How Are You Defined, Part Deux

So, this is my 180th post... fun stuff...anyway...

Quite some time ago, I wrote about how we as individuals are defined by what we do, or how we impact the lives of people around us. I noted something similar here in the blog belonging to a friend of mine. And in some light reading between brain tumors today, I've noticed a lot of entries surrounding the Fourth of July, some more irreverent than others. Then I came across this list: 15 People Who Make America Great.

While I may or may not agree with all the choices, there are some people here, who, after reading their story, have made America great. So, the question to you is this: who is it that makes YOUR world great?

Comments welcome here - I'd love to hear who your heroes are, and why. One rule: no spouses, no parents allowed, unless they have done something extraordinary, aside from your conception, or actually agreeing to marry you, that is...



for what it's worth said...

I have been trying to think about a singular person that I admire. And I do admire a number of people; Mahatma Ghandi, Mother Teresa the usual.
But, I have to admit that I think my heroes are teachers. Good teachers. We have all had our share of lousy, putting in their time teachers, but I am talking about real teachers.
My mother was a real teacher. She invested herself into her job and into the lives of her students. She made sure that they were learning the things that they needed to, but moreover, she made sure that they learned the things that they wanted to.
I have had teachers in my life who did more than instruct. They inspired me. Given that I come from a family of over-achievers, it was hard to find my niche, my style, my place. My Grade 11 English teacher fostered a love of literature and writing in me. And although I didn't end up being a writer, I did end up being a teacher.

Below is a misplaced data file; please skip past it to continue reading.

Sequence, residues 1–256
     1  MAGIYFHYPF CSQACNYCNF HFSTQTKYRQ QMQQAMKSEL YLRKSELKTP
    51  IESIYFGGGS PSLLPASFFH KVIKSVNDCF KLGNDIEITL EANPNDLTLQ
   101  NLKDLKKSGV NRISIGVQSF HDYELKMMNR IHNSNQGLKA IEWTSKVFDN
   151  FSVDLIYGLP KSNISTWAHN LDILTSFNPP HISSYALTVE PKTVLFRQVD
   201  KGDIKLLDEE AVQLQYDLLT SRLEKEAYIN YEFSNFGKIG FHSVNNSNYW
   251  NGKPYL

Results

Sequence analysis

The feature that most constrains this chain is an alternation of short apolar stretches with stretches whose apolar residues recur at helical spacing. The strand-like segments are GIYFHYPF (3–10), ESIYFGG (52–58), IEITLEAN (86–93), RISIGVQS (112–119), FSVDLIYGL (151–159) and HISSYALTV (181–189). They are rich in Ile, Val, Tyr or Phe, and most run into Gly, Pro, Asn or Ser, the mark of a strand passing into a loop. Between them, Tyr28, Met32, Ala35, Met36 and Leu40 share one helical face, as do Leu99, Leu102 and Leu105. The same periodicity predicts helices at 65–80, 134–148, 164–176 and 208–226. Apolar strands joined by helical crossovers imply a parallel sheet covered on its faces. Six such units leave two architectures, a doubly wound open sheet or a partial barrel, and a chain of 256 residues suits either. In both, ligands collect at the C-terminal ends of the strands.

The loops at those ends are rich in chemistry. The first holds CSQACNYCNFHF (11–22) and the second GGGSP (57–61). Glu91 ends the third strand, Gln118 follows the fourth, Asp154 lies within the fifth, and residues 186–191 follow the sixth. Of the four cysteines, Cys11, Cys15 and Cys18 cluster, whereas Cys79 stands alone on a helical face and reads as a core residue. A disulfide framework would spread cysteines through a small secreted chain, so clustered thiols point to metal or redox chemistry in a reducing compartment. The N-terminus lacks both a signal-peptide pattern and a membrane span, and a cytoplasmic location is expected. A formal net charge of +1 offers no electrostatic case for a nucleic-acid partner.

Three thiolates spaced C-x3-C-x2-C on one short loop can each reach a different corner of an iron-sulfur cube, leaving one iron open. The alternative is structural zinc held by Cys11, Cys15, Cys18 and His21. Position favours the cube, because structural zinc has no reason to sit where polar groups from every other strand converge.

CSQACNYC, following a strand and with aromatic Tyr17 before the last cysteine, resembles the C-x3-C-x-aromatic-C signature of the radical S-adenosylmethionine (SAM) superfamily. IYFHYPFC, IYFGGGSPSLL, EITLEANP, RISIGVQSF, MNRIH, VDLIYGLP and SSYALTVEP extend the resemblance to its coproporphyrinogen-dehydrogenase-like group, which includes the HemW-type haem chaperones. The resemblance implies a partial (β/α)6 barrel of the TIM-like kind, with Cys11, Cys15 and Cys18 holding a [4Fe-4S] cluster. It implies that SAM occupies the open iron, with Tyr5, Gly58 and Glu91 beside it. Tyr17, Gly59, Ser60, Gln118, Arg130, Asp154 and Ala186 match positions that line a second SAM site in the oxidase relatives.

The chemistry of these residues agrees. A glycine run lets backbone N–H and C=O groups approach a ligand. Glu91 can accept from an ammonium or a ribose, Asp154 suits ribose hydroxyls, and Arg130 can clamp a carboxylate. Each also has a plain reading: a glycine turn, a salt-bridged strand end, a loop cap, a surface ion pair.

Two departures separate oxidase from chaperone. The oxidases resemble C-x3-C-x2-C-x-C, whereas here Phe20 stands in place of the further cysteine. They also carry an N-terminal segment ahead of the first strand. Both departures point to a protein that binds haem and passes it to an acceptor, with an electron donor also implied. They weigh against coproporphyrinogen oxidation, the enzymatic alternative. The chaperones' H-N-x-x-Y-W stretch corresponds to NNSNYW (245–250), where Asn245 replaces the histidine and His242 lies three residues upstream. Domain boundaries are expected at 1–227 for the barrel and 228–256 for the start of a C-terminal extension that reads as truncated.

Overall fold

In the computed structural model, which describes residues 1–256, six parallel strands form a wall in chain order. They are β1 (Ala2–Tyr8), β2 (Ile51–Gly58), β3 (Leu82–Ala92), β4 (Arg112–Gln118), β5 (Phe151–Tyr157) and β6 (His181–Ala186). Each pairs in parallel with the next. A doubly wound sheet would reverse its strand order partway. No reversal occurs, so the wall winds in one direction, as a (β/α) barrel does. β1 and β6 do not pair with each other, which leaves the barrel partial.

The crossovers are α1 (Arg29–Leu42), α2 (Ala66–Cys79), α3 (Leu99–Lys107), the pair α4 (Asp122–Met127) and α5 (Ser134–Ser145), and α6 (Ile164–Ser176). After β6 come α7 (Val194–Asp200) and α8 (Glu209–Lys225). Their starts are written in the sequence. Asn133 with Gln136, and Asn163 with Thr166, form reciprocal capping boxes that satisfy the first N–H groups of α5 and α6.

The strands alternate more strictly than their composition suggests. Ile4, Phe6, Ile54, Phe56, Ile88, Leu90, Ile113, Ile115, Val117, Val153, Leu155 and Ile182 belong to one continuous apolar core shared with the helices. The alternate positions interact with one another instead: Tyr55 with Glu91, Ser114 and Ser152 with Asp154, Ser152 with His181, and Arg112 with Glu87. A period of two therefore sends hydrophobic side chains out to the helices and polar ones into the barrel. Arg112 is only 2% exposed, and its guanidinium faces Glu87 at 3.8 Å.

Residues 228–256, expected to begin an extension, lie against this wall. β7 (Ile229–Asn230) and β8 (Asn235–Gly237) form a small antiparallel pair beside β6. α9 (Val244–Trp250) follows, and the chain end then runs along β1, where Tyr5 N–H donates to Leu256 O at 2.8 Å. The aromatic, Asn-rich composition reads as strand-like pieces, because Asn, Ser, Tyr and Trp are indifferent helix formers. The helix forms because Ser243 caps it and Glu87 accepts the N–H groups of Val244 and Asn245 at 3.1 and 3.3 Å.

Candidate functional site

And now as a parent, I have seen teachers who do nothing but cover the curriculum, and those that want to make a difference.
There have been those that I have wanted to take out and shake, but there are those who reached out to my children and encouraged them through math, reading and all the social pitfalls of being a child. They are my heroes.
Monetary compensation is not near what it should be for good teachers. And I understand from various news shows that it is even worse in the States. People teach because they want to. Because they feel that they are capable of touching and enhancing a child's skill and their life. At least that is what I have always felt.
I teach in whatever form because I love children. Not everyone can say that, and not everyone should. I teach because I have a gift with disabled students. I teach because I want the best for every child. I teach because I love teaching...the good, the bad, and the ugly.
And moreover, I teach because, I have been inspired by another...teacher.

That One Guy said...

Interestingly, I've had about four other replies to this post, through my private email address, as opposed to public comment.

Teachers are mentioned more than once, and I would say that one or two go on the list as well: